It’s one word that can strike fear into the heart of any parent. We’ve all heard the nightmare stories of reinfections and constant cycles of treatment…
But let’s get a little real for a minute.
The nightmares we read about online and hear from other parents are sometimes a little exaggerated. Kind of like ‘the fish was **THIS** big’ stories that fishermen sometimes tell. ;)
If you handle this the right way the first time, you shouldn’t have an unending cycle of yeast infections on your baby.
It’s important to know if the rash you are dealing with is really yeast in the first place. Other rashes often look similar and can be misdiagnosed as yeast. Consult this post for descriptions of a few common baby rashes and see if your little one’s rash looks anything like one described. If you can’t figure out what a rash is or it isn’t clearing up, call your pediatrician.
If you are looking for more information on treating yeast on your baby, you should check this out: Killing the Dreaded Yeast Monster.
How to get rid of the yeast on cloth diapers:
You need to decide if you are going to continue to use your cloth diapers or go with disposables during treatment.
- If you use disposable diapers, you only need to treat the cloth diapers once.
- If you choose to stay in cloth, be sure you are using a liner with the treatment cream if it’s a prescription or not otherwise CD safe. A cut up t-shirt will work as a liner. You can also purchase a disposable liner that is something like this. You will have to treat cloth diapers each time they are washed while treating the yeast on your baby. Depending how often you are washing and how long the treatment lasts, this could be 2-3 times.
Every family’s needs are different and either way will work. Go with what works best for you and your family. There is no wrong answer here.
Chlorine Bleach: Chlorine bleach is a common disinfectant. The downside is that straight bleach will ruin your clothes; be careful what you’re wearing when handling it. Color safe bleach doesn’t disinfect; make sure you don’t grab that by mistake. Also, not all bleaches are created equal. For disinfection, purchase a bleach that has at least 5.25% sodium hypochlorite.
Never pour bleach directly into the machine as it can ruin/weaken the fabrics it touches before diluting. Do not mix bleaches. This means don’t mix chlorine bleach with oxygen bleach or color safe bleach. Use only one bleach to avoid a potentially hazardous chemical reaction.
Bleach is the second most common disinfectant after hot water. It is very effective and kills just about everything. The major cons of using bleach are that it can ruin laundry items if used improperly and can cause fabric to wear out/fade more quickly. It is dangerous to directly inhale and while it kills yeast, it doesn’t kill yeast spores (for yeast spore killing, see Grapefruit Seed Extract below).
You may have heard to only use cold water when disinfecting with bleach. Per Clorox, “As long as label instructions are followed, you can be confident that the laundry is safely and effectively disinfected regardless of the water temperature. – See more at: https://www.clorox.com/dr-laundry/proper-water-temperature-for-disinfecting/#sthash.6evMgcVe.dpuf “. Hot water aids in cleaning and stain fighting power. (If I you have a choice, that is what I recommend.)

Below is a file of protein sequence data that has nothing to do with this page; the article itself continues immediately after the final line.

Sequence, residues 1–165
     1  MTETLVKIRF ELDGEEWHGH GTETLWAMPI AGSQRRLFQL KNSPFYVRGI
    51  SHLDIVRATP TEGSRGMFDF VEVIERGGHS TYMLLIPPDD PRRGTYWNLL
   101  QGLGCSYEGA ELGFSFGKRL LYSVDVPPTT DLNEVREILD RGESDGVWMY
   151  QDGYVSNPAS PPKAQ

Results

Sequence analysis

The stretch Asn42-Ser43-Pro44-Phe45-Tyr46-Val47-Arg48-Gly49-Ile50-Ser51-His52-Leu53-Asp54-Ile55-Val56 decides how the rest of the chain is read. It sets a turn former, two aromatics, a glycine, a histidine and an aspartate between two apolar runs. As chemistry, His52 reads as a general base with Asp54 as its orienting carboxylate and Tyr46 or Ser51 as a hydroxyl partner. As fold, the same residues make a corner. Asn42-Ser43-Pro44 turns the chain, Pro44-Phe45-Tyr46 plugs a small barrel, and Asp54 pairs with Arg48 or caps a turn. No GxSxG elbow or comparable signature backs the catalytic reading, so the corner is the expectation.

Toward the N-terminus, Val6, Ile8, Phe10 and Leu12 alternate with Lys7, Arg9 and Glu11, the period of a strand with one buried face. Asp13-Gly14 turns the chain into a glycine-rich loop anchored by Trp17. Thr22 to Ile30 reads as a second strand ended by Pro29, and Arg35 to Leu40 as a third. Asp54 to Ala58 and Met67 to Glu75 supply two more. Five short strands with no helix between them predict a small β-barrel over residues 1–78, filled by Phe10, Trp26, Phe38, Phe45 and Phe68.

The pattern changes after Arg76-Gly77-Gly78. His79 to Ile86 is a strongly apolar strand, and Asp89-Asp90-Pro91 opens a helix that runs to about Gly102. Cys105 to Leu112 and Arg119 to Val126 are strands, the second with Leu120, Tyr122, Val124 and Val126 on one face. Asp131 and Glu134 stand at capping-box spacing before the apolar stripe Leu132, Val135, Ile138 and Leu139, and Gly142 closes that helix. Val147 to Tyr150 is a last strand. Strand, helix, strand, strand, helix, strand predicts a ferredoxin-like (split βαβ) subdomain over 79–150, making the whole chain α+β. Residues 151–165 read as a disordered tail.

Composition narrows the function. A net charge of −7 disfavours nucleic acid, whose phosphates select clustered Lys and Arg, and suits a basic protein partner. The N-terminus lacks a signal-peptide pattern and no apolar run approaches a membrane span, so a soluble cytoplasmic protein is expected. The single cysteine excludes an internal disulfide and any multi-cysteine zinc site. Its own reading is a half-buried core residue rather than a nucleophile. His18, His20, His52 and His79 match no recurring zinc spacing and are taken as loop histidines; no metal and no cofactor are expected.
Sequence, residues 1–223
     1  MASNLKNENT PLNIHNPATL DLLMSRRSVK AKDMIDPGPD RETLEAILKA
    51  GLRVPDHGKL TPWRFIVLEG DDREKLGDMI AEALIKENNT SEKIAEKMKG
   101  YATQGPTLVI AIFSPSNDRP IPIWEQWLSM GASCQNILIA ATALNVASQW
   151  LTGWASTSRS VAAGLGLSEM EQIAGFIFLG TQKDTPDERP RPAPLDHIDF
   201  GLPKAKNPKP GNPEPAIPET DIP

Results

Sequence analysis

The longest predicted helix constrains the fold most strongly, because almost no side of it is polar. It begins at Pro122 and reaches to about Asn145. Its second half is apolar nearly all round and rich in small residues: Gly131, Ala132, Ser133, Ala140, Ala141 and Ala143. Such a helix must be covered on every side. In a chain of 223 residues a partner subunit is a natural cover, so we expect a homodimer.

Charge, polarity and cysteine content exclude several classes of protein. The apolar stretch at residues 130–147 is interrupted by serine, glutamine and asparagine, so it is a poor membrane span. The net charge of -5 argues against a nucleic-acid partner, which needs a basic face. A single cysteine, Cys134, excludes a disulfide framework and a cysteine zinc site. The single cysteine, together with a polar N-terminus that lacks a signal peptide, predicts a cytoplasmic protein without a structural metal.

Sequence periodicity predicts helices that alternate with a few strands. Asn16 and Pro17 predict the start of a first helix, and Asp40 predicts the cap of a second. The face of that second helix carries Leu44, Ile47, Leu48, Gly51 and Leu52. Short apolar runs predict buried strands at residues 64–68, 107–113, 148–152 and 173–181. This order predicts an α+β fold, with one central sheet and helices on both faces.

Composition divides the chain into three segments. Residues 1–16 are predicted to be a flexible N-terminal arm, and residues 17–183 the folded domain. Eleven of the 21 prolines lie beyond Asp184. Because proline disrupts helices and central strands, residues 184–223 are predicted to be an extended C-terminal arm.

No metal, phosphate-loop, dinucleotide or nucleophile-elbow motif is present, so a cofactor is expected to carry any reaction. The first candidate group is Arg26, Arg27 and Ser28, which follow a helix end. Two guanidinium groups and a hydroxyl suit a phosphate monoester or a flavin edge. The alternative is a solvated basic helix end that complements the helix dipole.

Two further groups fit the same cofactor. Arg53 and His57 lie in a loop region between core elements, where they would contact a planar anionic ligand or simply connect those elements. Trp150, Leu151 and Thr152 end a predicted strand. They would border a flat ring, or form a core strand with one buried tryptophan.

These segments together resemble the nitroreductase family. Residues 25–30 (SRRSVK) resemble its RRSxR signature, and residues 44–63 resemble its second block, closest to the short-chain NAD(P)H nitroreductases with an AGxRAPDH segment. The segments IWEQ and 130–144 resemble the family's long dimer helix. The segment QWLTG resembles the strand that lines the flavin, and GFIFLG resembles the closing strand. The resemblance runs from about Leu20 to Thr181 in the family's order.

To disinfect: Use warm or hot water and soak clean diapers for 15 minutes. Then rinse until odor is gone. Here are the dilution ratios for various load sizes:Top Loader: Small- 1/3 cup, Med- 1/2 cup, Large- 3/4 cupTop Loader (HE): Small- 1/4 cup, Med- 1/3 cup, Large- 1/2 cupBathtub: 1/2 full- 1/2 cupBucket: 1 Tablespoon per gallon of water
Grapefruit Seed Extract: Synthesized from the seeds and pulp of the grapefruit, it’s a very broad spectrum microbicide, bactericide, fungicide, antiparasitic, and anti-viral. Grapefruit Seed Extract has shown to be effective at killing yeast spores. It also kills staph, strep, salmonella, e.coli., herpes and influenza!
GSE has been tested and found to be anywhere from 10 to 100 times more effective against these offending microorganisms than chlorine bleach, tea tree oil, colloidal silver, and iodine.It is becoming the disinfectant of choice in hospitals, too!
It can be expensive, so the other options on here are far more economical for other disinfecting, but when it comes to yeast – this is the single most effective way to stop it in its tracks on your clothing and cloth diapers. You can buy it at your local health food store or on Amazon. One treatment usually takes one bottle of GSE which runs about $9.
This is not a natural alternative. There are limited studies, but the existing ones point to the preservatives in GSE and not the actual GSE being the disinfectant. So I will say that this is an effective option, but not a natural one.
For more evidence of GSE as a disinfecting agent, please see: http://www.ncbi.nlm.nih.gov/pubmed/12165191
To Disinfect: Use 4 ounces of GSE to a load of large load of laundry, this can be added right to your normal wash cycle. Wash and dry normally. You should treat everything that was touched including wipes, wet bags as well as all cloth diapers.
**If you can’t use bleach or GSE due to sensitivities, you can also use hydrogen peroxide to disinfect. Please go here for more details and directions.**
The Real Diaper Association has a yeast study on effectiveness of various laundry treatments. I think it is very interesting and I share it often. To see it for yourself, click here.
I’d love to hear from you! Has your child ever had a yeast infection? How did you effectively treat it?
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